Job Title: Preschool Teacher
Type of Company: I work for a school district in suburban Massachusetts.
Education: MA, Education
Previous Experience: I babysat and worked in childcare centers with infants, toddlers, and pre-schoolers. Later I taught first and second grade before moving to pre-school.
Job Tasks: I am responsible for helping 3-, 4-, and 5-year olds develop mentally, physically, and emotionally. I give them directions and watch to see that they follow them. If they are not able to follow directions -- "hang up your jacket and come to the table," for example -- it is my responsibility to help them. I have to be careful not to do all the work for them because they won't learn to do things for themselves. I plan lessons so I can be sure that there are enough activities for the children to learn about rhyming, making patterns, counting to ten, etc. I am responsible for talking with parents and letting them know how their children are doing and what we are working on. I need to assess children twice a year and let parents know what their children can count to, if their children can talk about a story I read, and if their children can take care of their jackets and backpacks at school. I need to be sure that the children eat snacks and lunch, use the bathroom, and have rest time. I need to help the children clean up their materials such as blocks and markers. Children do not know how to clean up and they often do not want to clean up, so it is my job to make it fun and encourage them while showing them how to clean up.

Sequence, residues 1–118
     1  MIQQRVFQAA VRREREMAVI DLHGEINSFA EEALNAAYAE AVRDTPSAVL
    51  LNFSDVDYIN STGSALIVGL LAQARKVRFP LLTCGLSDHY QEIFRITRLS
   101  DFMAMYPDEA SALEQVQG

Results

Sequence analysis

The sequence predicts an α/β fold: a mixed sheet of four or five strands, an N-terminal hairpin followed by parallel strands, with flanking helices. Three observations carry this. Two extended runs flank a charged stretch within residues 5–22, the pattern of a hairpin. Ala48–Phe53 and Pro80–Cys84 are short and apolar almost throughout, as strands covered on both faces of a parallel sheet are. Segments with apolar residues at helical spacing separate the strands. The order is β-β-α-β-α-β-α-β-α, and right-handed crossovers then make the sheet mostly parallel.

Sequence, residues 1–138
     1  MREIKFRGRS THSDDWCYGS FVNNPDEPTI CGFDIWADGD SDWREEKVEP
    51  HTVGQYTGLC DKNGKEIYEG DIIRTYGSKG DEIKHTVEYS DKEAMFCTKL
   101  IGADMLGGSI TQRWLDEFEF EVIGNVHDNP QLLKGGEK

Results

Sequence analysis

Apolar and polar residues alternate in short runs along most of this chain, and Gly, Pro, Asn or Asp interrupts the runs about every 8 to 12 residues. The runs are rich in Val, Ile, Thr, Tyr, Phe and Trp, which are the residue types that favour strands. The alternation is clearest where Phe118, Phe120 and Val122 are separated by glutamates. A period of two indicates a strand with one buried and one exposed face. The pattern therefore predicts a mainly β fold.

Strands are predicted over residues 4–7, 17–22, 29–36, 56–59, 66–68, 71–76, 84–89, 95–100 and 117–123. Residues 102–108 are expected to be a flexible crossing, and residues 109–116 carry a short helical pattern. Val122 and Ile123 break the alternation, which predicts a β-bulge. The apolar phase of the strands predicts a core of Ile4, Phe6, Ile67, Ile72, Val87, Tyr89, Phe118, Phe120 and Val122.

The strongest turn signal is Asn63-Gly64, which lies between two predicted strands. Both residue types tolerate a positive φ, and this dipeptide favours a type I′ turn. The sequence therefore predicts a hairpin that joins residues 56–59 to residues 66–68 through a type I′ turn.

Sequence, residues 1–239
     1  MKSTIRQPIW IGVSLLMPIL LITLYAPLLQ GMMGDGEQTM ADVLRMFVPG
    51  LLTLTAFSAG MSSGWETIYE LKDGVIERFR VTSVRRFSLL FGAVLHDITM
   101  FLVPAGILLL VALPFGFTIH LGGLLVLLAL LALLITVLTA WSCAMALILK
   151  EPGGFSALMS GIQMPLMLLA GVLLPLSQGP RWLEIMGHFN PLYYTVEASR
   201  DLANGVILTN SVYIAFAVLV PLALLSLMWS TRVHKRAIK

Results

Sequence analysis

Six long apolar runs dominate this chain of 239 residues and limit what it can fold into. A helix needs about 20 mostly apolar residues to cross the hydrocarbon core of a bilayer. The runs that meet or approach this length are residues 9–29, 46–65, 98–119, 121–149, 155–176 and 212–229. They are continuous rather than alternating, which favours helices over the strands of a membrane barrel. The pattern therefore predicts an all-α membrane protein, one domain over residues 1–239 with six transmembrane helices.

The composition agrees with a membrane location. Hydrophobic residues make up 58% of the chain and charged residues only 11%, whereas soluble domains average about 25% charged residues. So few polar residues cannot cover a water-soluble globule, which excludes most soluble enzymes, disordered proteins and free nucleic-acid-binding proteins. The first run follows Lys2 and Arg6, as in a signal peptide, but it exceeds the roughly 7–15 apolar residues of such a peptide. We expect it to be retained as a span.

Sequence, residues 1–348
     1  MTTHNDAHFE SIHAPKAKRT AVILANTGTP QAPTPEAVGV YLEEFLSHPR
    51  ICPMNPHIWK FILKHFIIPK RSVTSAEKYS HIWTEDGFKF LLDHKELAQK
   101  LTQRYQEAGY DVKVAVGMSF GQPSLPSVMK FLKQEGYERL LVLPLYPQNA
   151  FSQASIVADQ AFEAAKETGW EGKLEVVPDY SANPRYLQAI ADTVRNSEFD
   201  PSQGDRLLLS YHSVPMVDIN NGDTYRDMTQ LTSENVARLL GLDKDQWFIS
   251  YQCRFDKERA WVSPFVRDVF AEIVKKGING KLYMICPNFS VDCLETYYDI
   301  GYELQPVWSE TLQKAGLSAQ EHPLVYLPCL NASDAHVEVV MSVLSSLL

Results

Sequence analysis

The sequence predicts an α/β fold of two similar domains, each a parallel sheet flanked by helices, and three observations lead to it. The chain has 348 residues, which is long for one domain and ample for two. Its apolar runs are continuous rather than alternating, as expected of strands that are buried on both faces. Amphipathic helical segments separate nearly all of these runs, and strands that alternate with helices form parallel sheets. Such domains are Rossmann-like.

Best and Worst Parts of the Job: The best thing about my job is seeing children grow. In September many of them can only sit and listen for about ten minutes and many of them cannot do a lot of things without help. By June, most children are able to sit for about a half hour to listen to stories. The children are also able to tell the date and day on the calendar and open and clean up their snacks. They are also able to pump their legs on swings so they do not need to wait for teachers to push them.
The worst part of my job is all the paperwork.
Job Tips: Time management and the ability to prioritize tasks are very important. You could work on teaching children, planning lessons, and developing appropriate activities and environments all day, every day and still find things that are not getting done. You also need to have a lot of patience. Children cannot be hurried when learning. Get as much time with children of different ages as you can early on so you can focus on the best age group for you in college.
Additional Thoughts: This job continues to get harder with more demands being put on teachers every year. It is a tough job and we don't get summers off as people think because we have to continue to take classes to stay current with best practices.
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